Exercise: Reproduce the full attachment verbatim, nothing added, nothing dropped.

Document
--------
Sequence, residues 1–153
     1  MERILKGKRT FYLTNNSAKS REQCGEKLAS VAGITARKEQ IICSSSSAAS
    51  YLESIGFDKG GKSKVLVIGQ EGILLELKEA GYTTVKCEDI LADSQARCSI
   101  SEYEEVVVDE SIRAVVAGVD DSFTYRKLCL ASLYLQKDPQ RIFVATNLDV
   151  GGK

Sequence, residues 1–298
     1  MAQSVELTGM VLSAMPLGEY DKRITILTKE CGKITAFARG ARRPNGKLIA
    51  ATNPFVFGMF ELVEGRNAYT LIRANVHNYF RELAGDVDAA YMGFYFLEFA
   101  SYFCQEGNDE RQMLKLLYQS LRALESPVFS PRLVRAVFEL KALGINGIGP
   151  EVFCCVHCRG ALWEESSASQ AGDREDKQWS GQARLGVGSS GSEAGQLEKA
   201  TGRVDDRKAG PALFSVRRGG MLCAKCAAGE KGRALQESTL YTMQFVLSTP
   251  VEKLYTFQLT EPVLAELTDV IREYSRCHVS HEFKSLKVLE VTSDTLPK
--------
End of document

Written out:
Sequence, residues 1–153
     1  MERILKGKRT FYLTNNSAKS REQCGEKLAS VAGITARKEQ IICSSSSAAS
    51  YLESIGFDKG GKSKVLVIGQ EGILLELKEA GYTTVKCEDI LADSQARCSI
   101  SEYEEVVVDE SIRAVVAGVD DSFTYRKLCL ASLYLQKDPQ RIFVATNLDV
   151  GGK

Sequence, residues 1–298
     1  MAQSVELTGM VLSAMPLGEY DKRITILTKE CGKITAFARG ARRPNGKLIA
    51  ATNPFVFGMF ELVEGRNAYT LIRANVHNYF RELAGDVDAA YMGFYFLEFA
   101  SYFCQEGNDE RQMLKLLYQS LRALESPVFS PRLVRAVFEL KALGINGIGP
   151  EVFCCVHCRG ALWEESSASQ AGDREDKQWS GQARLGVGSS GSEAGQLEKA
   201  TGRVDDRKAG PALFSVRRGG MLCAKCAAGE KGRALQESTL YTMQFVLSTP
   251  VEKLYTFQLT EPVLAELTDV IREYSRCHVS HEFKSLKVLE VTSDTLPK